Following up on his original question, Tampa Bay Times scribe Marc Topkin suggested that the rule penalizes teams that are smart with their defensive positioning.

“100%,” agreed the Florida State product, who is No. 8 on our Rays Top Prospects list. “That’s how the game evolves. People get smarter and make adjustments. The Golden State Warriors changed the game of basketball. They found out, ‘OK, if guys move slower on the court we’re going to go small, spread guys out on the three-point line, and shoot.’ It would be the same as the NBA saying you can only have three shooting guards outside the perimeter… If you want to do what you want to do, to make the game safer and keep guys playing longer, I don’t think any player would have a problem with that. But when you change the way some people gain an edge, how some people create advantages by doing their homework and being smart… that doesn’t rub me the right way.”


A quiz:

Craig Kimbrel, Aroldis Chapman, Mariano Rivera, and Billy Wagner have the four lowest ERAs among pitchers with at least 300 innings pitched since 1970. The fifth-lowest ERA belongs to a right-hander born in Sendai, Japan. Who is it?

The answer can be found below.



Richie Scheinblum, an outfielder for six teams from 1965-1974, died earlier this month at age 78. A switch-hitter, Scheinblum slashed .300/.383/.418 for the Kansas City Royals in 1972, his lone All-Star season. That winter he was traded to the Cincinnati Reds in the four-player deal that brought Hal McRae to KC.

Rennie Stennett, a second baseman for the Pittsburgh Pirates from 1971-1979, and the San Francisco Giants in 1980 and 1981, died this week at age 70. Part of the first all-Black lineup in MLB history, Stennett is arguably best known for going 7 for 7 in a nine-inning game in 1975.

SABR’s Board of Directors has approved the formation of a new regional chapter. Named after the former Pittsburgh Pirates outfielder who hit the first home run in World Series history, the Jimmy Sebring/Williamsport Chapter will serve SABR members in north-central Pennsylvania. Information can be found here.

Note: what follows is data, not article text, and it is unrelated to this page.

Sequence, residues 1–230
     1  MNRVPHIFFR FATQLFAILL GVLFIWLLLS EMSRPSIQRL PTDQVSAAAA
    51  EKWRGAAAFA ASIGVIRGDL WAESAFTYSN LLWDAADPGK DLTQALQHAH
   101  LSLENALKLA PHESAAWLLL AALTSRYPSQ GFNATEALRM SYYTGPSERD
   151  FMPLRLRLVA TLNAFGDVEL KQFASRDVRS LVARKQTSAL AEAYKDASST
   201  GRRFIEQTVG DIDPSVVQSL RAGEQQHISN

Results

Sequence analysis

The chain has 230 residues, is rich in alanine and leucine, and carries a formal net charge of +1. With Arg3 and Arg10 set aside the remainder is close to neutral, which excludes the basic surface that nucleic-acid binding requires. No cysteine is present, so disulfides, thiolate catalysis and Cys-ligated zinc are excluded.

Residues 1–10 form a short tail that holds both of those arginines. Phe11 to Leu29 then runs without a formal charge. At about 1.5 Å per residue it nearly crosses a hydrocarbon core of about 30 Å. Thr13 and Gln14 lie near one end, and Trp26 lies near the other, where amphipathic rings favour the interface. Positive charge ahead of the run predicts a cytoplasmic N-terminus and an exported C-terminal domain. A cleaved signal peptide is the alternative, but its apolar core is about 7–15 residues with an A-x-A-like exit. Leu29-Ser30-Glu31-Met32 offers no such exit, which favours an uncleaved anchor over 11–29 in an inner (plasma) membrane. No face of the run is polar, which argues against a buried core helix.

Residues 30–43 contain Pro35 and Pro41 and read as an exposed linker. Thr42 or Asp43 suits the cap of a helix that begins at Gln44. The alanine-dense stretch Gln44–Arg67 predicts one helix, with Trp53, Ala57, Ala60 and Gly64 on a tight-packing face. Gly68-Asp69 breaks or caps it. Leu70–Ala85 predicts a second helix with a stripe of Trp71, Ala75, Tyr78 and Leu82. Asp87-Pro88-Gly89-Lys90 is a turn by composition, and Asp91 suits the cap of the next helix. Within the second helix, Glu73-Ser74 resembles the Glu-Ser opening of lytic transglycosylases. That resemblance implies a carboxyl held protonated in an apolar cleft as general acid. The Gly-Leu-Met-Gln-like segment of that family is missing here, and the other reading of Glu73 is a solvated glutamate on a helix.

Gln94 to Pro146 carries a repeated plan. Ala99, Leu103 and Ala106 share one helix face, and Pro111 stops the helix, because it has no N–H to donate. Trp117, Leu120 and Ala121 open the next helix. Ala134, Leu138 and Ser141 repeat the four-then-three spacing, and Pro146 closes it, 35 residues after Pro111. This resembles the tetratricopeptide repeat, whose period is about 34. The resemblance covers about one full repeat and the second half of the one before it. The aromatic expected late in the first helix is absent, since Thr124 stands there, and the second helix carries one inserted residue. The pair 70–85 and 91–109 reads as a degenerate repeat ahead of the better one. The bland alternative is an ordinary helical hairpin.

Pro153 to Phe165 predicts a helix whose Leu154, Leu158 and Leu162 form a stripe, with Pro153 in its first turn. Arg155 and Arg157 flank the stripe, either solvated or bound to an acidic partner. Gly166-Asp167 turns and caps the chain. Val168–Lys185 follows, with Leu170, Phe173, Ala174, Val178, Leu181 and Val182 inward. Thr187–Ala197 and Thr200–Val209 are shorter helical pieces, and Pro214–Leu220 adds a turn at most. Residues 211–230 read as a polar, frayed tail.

The answer to the quiz is Takashi Saito, who had a 2.34 ERA over 338 innings pitching for five MLB teams from 2006-2012. A reliever, Saito made 338 appearances, 180 of them with the Los Angeles Dodgers.


The Detroit Tigers have rebounded after starting the season with just nine wins in their first 33 games. No longer finding ways to lose, the tabbies are now 18-26 and have at least temporarily quieted what had become a brickbats-carrying fanbase.

A.J. Hinch was asked about the turnaround prior to yesterday’s game.

“Last night, we didn’t play our best and still found a way to win,” the Tigers manager said of Friday’s come-from-behind conquest of the Kansas City Royals. “What a winning culture does, what a winning mindset does, is it puts the game in a completely different perspective. When we fall behind early, it’s “Find a way to get a run, or find a way to get some base runners and come up with a big hit.’ When you’re losing, it feels like, ‘Oh, here we go again.’ There’s a drastic difference between those two mindsets and those two cultures.

“We’ve been able to grind through the first part of the season,” continued Hinch. “We’ve had our set of difficulties. We’ve had some poor performances. We’ve had some rocky games. But we’re coming out of it by playing a cleaner brand of baseball. Last night, we didn’t play very clean — we made a few too many mistakes — and in April we may have conceded that game a little bit mentally, and let it get away from us. Instead, we kept in the fight… We now know what it feels like to be on both ends of the spectrum. It’s obviously a lot more fun to be on the winning side.”

The Tigers went into last night having won four straight, and nine of their last 11.



The Colorado Rockies are 15-12 at Coors Field and 2-17 on the road. The Tampa Bay Rays are 11-12 at Tropicana Field and 16-7 on the road.